Fraud is a growing issue on payment transfer app Zelle, but it's unclear who holds the blame. Consumers tricked into sending money to misrepresented accounts say the banks should make them whole, but the banks say it's on the consumer not to authorize the fraudulent payments in the first place.
Zelle was introduced in 2017 and is used by more than 30 major U.S. banks and nearly 1,500 entities total to facilitate peer-to-peer mobile payments. The platform is operated by Early Warning Services, a company that was co-founded and is now co-owned by Bank of America
In 2021 alone, $490 billion was sent through Zelle, compared to Venmo's
Zelle stands out amongst the crowd of payment apps thanks to the speed of the transfers involved. While other apps can take days to complete a payment, Zelle allows fraudsters to quickly take large amounts of money from targets, making it much harder if not impossible for consumers and the banks themselves to reverse the transaction.
One man, Justin Faunce, told The New York Times his story of being tricked by a scammer claiming to be a representative with his bank, Wells Fargo. Faunce sent the impersonator $500, but quickly identified and alerted the bank of the fraud.
Bank representatives told Faunce that these scams are common on Zelle, that only losing $500 was "actually really good", and that "many people were getting hit for thousands of dollars."
"It was clearly fraud," Faunce said. "This wasn't my fault, so why isn't the bank doing the right thing here?"
Wells Fargo told Faunce that the transaction isn't considered fraud because he authorized the transfer himself, supposedly meaning refunding the money isn't the bank's responsibility.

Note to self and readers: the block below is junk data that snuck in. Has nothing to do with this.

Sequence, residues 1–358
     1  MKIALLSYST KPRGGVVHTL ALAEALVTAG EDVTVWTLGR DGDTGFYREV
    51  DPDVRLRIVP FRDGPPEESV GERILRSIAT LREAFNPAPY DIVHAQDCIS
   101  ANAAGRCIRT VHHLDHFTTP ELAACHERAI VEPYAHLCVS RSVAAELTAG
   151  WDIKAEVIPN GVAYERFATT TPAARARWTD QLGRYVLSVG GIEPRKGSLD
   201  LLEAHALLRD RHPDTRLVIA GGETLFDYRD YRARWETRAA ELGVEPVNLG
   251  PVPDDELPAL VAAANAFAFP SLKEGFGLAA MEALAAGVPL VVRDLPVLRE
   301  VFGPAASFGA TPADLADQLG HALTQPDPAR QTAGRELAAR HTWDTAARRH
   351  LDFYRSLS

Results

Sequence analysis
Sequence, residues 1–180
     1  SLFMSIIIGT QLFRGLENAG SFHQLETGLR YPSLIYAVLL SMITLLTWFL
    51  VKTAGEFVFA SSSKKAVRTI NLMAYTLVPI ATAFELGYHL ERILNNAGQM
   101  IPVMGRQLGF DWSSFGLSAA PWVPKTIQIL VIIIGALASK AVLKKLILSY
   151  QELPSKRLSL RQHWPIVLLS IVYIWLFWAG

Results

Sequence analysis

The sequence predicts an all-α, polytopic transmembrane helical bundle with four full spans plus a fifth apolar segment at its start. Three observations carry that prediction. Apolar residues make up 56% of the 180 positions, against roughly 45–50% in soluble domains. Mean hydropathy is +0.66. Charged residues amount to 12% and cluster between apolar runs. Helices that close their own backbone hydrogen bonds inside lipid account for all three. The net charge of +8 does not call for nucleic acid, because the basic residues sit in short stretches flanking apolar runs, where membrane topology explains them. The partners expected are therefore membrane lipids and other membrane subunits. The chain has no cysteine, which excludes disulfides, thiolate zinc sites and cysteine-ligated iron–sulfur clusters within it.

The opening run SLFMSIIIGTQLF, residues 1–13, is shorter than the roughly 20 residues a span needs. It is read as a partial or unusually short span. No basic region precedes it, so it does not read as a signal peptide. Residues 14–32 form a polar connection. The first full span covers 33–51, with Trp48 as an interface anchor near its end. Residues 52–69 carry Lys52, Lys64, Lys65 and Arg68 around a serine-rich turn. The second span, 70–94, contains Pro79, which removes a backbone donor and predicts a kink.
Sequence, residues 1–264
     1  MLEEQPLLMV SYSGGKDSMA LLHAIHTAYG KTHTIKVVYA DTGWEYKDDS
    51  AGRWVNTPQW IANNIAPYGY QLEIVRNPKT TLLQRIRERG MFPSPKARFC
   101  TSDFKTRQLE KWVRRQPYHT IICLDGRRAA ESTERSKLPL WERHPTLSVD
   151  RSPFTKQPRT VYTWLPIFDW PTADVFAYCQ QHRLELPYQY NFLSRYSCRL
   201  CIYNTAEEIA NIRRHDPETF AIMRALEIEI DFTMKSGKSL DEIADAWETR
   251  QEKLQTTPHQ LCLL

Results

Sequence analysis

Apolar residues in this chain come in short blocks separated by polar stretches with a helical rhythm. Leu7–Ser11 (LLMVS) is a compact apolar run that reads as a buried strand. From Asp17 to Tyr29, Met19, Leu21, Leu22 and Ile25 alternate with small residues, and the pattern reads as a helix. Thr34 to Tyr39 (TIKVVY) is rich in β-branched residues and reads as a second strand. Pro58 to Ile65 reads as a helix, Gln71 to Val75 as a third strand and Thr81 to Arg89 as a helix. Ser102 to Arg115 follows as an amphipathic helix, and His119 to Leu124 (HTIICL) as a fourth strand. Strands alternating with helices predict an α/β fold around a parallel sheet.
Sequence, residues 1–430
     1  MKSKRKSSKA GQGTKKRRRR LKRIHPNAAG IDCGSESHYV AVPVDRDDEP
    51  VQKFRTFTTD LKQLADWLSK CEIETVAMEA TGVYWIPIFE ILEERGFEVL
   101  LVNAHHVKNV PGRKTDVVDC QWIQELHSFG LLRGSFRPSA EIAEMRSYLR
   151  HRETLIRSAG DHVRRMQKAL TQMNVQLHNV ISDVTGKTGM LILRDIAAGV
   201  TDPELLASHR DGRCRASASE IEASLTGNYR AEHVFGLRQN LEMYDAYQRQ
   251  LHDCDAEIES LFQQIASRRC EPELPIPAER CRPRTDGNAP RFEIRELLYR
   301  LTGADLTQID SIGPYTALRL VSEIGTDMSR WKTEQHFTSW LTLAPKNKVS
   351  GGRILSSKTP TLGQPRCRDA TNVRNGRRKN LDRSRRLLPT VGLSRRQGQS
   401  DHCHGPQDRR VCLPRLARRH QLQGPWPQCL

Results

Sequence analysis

There are reasonable arguments in favor of the banks' perspective. While these transactions may seem like clear examples of fraud, the federal laws requiring banks to refund customers only cover "unauthorized" payments. Guidance issued by the Consumer Financial Protection Bureau last year stated that banks are required to reimburse payments that are "initiated by a person other than the consumer without actual authority to initiate the transfer."
However, consumers argue that the transactions should be considered unauthorized because of the misrepresentation involved, even when the consumer is the one to authorize the payment. Consumers claiming that the banks should be liable for these fraudulent payments also point to the fact that Zelle is owned by the banks.
"It's like the banks have colluded with the sleazebags on the street to be able to steal," Bruce Barth, another fraud victim, told NYT.
"I filed grievances with every agency I could get my hands on, locally and nationally," he continued. "Every response I got was useless."
Barth was in the hospital with COVID-19 when his phone was stolen from his room. While the bank, Bank of America, reimbursed Barth for transactions made with his stolen cards, three Zelle transfers totaling $2,500 were not covered. The bank argued that the transactions were authorized by a phone that was previously associated with the account, despite the fact that the phone had been stolen.
After the NYT reached out to Bank of America regarding Barth's case, the Zelle transactions were refunded. A spokesperson said the reimbursement had been approved due to "new information" the bank received in February.
Meanwhile, former Zelle executives say that the banks should do more to warn consumers against authorizing these transactions. The banks say they are taking the fraud issue seriously, but the platform is still rife with scams.